Vegetarians, vegans and people who have any idiosyncratic diet are becoming more and more prevalent as time continues. Here is what I have learned from being a vegetarian.
The time period was the fall of 2014. I was a freshman in high school, experiencing some finite new change. In the midst of all this, I realized I wanted to make another change; my diet. Although, it's not what you're probably thinking. I wasn't going to stop eating meat to be healthier nor save the animals, meat simply hadn't tasted good to me for months and I figured in a period with an ample amount of change, this was the time to do so.
Cold-turkey, I stopped eating any meat. Cow, chicken, pig or fish products were off limits, as well as their offspring (eggs). Some vegetarians don't do these extremities, but I had such an aversion to the taste of meat it was no problem. Although, it didn't come without external difficulties.
Primarily, certain family members scolded me that I wasn't consuming enough protein, blaming my constant state of fatigue and coldness on my newfound vegetarianism (symptoms I still experienced long before I stopped eating meat and continue to experience). Then for the following years, every time I was out with friends they'd ask since when and why I was a vegetarian. It was tedious to explain, needless to say. Occasionally awkward, when their use of heuristics tied my choice of vegetarianism to being a hardcore PETA supporter.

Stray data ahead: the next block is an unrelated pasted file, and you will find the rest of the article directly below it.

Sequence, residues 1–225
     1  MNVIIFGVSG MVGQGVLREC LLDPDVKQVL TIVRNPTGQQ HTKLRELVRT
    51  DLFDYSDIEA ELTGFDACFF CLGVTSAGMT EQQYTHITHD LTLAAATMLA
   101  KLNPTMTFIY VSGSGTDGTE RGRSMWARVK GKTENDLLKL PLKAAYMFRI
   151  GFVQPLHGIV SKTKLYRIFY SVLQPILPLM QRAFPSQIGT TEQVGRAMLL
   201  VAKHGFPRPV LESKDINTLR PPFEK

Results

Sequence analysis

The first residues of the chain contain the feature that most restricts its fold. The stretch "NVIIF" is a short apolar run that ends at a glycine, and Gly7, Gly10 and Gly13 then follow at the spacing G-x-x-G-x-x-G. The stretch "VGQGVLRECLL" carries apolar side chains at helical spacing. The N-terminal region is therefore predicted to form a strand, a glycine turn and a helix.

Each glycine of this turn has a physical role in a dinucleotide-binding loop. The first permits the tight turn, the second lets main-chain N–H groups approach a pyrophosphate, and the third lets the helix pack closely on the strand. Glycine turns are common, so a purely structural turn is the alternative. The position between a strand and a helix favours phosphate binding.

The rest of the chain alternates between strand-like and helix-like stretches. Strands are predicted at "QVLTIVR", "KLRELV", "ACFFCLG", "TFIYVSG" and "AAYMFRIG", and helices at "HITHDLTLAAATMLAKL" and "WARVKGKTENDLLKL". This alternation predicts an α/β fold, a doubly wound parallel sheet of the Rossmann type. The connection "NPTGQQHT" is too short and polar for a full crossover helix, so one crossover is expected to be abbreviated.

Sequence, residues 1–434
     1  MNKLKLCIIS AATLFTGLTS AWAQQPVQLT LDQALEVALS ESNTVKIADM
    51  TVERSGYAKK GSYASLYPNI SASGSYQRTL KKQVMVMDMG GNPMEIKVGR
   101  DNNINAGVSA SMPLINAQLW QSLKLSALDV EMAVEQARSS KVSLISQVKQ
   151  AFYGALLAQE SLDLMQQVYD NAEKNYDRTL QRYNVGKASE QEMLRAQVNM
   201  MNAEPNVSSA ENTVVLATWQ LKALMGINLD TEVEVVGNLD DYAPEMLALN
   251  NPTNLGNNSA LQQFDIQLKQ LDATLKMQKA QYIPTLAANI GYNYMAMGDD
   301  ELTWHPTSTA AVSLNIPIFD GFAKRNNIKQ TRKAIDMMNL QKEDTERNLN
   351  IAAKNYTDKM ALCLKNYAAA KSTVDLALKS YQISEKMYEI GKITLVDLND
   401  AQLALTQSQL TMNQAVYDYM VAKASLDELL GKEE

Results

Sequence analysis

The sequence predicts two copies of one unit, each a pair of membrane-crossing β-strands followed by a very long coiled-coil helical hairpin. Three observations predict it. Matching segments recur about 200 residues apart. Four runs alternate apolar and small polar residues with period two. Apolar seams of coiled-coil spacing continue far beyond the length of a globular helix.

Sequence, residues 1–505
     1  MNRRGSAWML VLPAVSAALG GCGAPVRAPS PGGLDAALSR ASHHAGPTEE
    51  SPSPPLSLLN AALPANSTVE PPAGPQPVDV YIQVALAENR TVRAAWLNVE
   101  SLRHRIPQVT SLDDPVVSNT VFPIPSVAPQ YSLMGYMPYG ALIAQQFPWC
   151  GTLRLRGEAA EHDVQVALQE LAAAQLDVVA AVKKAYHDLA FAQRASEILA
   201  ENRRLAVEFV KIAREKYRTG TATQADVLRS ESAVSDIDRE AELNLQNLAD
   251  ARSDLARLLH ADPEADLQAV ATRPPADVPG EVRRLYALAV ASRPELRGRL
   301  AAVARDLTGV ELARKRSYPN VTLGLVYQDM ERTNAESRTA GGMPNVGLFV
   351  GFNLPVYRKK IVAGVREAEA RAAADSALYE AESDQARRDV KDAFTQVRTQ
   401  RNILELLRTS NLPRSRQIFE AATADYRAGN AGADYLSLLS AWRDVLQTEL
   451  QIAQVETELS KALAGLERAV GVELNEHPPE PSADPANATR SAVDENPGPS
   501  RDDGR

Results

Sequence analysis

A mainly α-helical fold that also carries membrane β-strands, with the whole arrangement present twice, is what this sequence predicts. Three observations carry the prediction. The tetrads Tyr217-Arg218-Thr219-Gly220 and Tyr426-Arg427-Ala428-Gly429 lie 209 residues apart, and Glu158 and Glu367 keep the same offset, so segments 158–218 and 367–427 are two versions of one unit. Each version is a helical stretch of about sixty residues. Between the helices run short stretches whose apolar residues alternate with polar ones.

I chose to become a vegetarian due to the despise of meat, but I've learned so much more along the way.
For one, after many years of thinking I was the edgy vegetarian who would say, "I eat meat because I don't like the taste, not because I'm some crazy animal advocate" I learned I indeed, do care. Seeing videos of maltreatment of animals started to add another factor of why I was being meat abstinent.
Secondly, I soon saw I could thrive just like everyone else without this "protein-packed meat." I could eat something on the sweeter side (I.e. peanut butter, protein bars) and still get the nutrients I needed in, without feeling sluggish after eating, like I often did when I ate meat.
Lastly, I learned how it should, in fact, take time and thought into planning our meals. All in all, we eat to live, we don't live to eat. Therefore, preparation to make sure we're eating all of the components to constitute a healthy diet. Being a vegetarian aided this because during meals I had to think and plan, even though everyone should be doing that, in my opinion.
Being a vegetarian taught me more than just being self-righteous, it taught me how to mentally and physically live better.